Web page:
Cognitive Behavioural Training gives you the opportunity to change the way you think and behave in relation to the things in your life that you want to change.Positive SSL
What Is Cognitive Behavioural Training?
Cognitive behavioural training (CBT) is a form of psychological intervention that has been demonstrated to be effective for a range of problems including depression, anxiety disorders, alcohol and drug use problems, marital problems, eating disorders and severe mental illness. Numerous research studies suggest that CBT leads to significant improvement in functioning and quality of life. In many studies, CBT has been demonstrated to be as effective as, or more effective than, other forms of psychological treatment or psychiatric medications.
It is important to emphasize that advances in CBT have been made on the basis of both research and clinical practice. Indeed, CBT is an approach for which there is ample scientific evidence that the methods that have been developed actually produce change. In this manner, CBT differs from many other forms of psychological treatment.
CBT is based on several core principles, including:
- Psychological problems are based, in part, on faulty or unhelpful ways of thinking.
- Psychological problems are based, in part, on learned patterns of unhelpful behaviour.
- People suffering from psychological problems can learn better ways of coping with them, thereby relieving their symptoms and becoming more effective in their lives.
Source: APA Div. 12 (Society of Clinical Psychology)
How does the Cognitive Behavioural Training work?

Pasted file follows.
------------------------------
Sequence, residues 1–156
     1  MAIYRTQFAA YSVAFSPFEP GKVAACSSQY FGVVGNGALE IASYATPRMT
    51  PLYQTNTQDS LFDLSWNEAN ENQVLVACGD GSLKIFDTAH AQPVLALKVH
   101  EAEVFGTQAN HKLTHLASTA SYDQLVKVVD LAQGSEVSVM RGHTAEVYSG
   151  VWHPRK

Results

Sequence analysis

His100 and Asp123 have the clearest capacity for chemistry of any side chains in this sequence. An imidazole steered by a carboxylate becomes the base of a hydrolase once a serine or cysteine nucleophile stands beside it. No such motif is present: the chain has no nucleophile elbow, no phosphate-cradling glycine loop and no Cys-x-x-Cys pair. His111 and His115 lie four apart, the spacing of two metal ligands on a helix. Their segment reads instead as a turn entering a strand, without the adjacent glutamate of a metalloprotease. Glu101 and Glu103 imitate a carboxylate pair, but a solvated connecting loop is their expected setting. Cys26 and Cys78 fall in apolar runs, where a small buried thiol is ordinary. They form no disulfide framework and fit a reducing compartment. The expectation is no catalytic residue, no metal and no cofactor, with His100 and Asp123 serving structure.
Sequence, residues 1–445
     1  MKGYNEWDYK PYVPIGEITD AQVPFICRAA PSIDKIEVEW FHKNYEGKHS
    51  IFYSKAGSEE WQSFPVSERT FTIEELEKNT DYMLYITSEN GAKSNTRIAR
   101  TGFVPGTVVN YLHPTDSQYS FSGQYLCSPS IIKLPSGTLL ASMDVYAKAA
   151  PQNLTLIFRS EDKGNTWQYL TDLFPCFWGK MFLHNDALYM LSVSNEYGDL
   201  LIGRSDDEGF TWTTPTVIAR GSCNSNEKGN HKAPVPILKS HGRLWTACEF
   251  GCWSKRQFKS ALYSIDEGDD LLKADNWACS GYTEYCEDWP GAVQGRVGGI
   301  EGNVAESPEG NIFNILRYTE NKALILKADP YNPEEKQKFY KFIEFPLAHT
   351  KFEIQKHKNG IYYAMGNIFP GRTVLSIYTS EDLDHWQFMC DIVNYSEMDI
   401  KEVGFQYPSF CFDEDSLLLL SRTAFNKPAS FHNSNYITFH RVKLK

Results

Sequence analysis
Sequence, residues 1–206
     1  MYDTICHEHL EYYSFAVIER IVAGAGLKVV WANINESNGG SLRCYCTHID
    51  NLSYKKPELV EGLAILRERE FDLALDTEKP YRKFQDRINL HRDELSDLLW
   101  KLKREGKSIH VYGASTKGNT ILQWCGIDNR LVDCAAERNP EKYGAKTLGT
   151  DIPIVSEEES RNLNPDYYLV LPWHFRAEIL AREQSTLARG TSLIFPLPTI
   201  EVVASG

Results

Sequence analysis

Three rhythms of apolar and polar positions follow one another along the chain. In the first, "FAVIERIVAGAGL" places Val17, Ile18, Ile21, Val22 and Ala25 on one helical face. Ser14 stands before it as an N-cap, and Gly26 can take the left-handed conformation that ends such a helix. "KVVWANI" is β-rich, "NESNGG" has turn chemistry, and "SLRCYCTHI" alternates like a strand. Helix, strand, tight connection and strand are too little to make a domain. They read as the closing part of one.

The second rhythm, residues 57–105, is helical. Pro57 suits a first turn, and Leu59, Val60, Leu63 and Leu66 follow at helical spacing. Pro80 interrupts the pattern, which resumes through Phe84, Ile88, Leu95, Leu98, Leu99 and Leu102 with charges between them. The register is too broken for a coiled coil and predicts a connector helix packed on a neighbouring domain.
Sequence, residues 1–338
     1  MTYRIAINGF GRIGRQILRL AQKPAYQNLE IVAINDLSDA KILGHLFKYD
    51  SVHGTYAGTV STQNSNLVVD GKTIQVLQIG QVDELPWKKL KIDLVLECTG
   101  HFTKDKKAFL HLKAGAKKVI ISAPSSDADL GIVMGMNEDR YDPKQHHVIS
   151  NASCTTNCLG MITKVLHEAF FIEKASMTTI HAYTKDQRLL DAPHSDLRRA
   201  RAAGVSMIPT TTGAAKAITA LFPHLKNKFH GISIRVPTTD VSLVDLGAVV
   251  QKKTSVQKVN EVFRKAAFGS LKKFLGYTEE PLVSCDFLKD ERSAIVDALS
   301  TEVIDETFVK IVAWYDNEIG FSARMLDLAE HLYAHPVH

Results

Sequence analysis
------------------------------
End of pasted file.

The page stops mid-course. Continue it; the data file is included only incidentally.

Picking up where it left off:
CBT treatment usually involves efforts to change thinking patterns. These strategies might include:
- Learning to recognize one’s distortions in thinking that are creating problems, and then to re-evaluate them in light of reality.
- Gaining a better understanding of the behaviour and motivation of others.
- Using problem-solving skills to cope with difficult situations.
- Learning to develop a greater sense of confidence is one’s own abilities.
CBT treatment also usually involves efforts to change behavioural patterns. These strategies might include:
- Facing one’s fears instead of avoiding them.
- Using role playing to prepare for potentially problematic interactions with others.
- Learning to calm one’s mind and relax one’s body.
Not all CBT will use all of these strategies. Rather, the psychologist and patient/client work together, in a collaborative fashion, to develop an understanding of the problem and to develop a treatment strategy.
CBT places an emphasis on helping individuals learn to be their own therapists. Through exercises in the session as well as “homework” exercises outside of sessions, patients/clients are helped to develop coping skills, whereby they can learn to change their own thinking, problematic emotions and behaviour.
CBT therapists emphasize what is going on in the person’s current life, rather than what has led up to their difficulties. A certain amount of information about one’s history is needed, but the focus is primarily on moving forward in time to develop more effective ways of coping with life.
How does the Cognitive Behavioural Training process look?
Cognitive Behavioural Training will follow the following steps:
- Admit to the problem
- Commit to the solution
- Set measurable goals
- Identify justification for dysfunctional behaviours
- Implement distractions
- Identify maintaining cognitions
- Challenge maintaining cognitions
- Measure progress
- Practice relapse prevention
- Make healthy choices